What a new Green Star program could mean for manufacturers
The Enterprise guide to the Green Star program: The government earlier this month announced a set of guidelines for companies that will favor low-carbon products for government purchases, dubbed Green Star. The program will be offering a number of incentives to businesses compliant with the new environmental standards.
Keep your eyes peeled for what the incentives actually entail: Though still not yet clear, details on these new incentives will be spelled out in the new Environment Act currently under review at the House of Representatives, a source familiar with the matter told Enterprise. What is clear for now is that bringing down industrial emissions to EU standards — especially for products geared for export — will be the goal for the incentives, which could give us an edge for boosting exports.
A number of initiatives are simultaneously trying to reduce industrial emissions: In addition to the Green Star program, which will give preference to low-carbon products for government purchases, a national emissions trading scheme could help expand low-carbon technologies in the local market, Trade and Industry Minister Ahmed Samir said.
Ecolabeling will also soon come into the mix: Placing standards for environmentally sound production methods will also be a part of the larger strategy to bring down emissions. Verifying and granting producers who meet these standards with eco-labels to display on their products is also in the pipeline. The Industrial Development Authority and the air quality division at the Environment Ministry’s Environmental Affairs Agency (EEAA) will be responsible for verifying that producers are in line with regulations and issuing labels, division head Mostafa Mourad told Enterprise.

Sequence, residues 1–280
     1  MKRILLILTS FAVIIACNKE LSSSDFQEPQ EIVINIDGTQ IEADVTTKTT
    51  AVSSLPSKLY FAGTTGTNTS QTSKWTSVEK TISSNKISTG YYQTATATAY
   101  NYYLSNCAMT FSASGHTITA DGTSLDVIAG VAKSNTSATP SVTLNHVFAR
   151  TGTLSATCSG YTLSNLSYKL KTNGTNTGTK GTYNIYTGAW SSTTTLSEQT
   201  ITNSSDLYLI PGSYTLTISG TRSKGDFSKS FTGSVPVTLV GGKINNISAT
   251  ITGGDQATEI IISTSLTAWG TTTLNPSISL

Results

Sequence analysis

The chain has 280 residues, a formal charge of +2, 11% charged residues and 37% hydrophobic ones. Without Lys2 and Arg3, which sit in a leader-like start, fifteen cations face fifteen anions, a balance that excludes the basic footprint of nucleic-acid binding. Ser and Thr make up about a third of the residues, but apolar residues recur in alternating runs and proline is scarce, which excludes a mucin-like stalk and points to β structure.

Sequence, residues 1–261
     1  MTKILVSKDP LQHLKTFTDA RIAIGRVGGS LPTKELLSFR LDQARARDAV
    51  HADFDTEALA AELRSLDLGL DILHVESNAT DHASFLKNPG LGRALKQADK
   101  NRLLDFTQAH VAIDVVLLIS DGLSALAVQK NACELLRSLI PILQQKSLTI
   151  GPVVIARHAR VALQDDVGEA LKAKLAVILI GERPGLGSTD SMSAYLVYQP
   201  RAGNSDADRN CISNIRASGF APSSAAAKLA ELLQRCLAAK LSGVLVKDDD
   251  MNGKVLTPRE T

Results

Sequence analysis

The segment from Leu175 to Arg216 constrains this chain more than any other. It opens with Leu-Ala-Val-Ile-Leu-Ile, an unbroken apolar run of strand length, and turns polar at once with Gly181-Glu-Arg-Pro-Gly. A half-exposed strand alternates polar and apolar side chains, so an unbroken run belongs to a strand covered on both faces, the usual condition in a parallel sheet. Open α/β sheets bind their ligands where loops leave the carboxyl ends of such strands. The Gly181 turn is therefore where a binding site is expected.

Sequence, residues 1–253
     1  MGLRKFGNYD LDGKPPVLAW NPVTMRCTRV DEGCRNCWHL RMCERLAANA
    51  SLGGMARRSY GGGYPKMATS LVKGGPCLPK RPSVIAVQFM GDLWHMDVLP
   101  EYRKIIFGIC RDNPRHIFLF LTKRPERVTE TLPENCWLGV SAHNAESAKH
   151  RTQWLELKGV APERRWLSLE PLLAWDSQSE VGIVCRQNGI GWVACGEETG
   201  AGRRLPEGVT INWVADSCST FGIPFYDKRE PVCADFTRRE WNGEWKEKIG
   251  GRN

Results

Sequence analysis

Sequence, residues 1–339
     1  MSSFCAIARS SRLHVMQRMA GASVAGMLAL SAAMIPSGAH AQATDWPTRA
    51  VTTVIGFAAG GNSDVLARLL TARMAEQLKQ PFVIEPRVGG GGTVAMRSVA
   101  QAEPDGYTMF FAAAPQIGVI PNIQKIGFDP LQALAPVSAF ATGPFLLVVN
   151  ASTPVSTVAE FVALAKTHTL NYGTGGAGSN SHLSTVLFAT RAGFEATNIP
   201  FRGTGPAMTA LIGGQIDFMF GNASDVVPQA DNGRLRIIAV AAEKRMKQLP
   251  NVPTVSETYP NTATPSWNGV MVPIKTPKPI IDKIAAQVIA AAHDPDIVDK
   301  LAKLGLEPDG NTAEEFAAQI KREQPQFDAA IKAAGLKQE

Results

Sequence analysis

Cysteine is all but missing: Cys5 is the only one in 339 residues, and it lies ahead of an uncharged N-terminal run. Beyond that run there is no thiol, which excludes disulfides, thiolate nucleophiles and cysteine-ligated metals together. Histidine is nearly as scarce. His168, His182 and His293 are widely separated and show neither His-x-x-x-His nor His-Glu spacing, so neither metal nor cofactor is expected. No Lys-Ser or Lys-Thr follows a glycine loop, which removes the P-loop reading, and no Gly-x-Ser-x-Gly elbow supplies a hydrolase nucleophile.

Green Star certification has already gained some ground in the tourism sector: At resort destinations like Sharm El Sheikh and El Gouna, Green Star certification has already been distributed, Mourad told us. There’s been a lot of effort and consultation with international experts before the green label program took off in places like Sharm El Sheikh, Waste Management Regulatory Authority Deputy Head Yasser Mahgoub told Enterprise.
Who decides what gets Green Star certification? A committee put together by the Trade and Industry Ministry and includes representatives from the Industrial Development Authority and the Waste Management Regulatory Authority has been tasked with organizing and monitoring industrial waste management operations, Mahgoub tells us. This same committee is also tasked with granting approvals for green labels to compliant manufacturers, he adds.
The eligibility criteria: In order for manufacturers to become eligible for a green star rating they must use fewer hazardous materials in their production processes; minimize their use of natural resources like water and electricity; and design recyclable products that produce minimal industrial waste.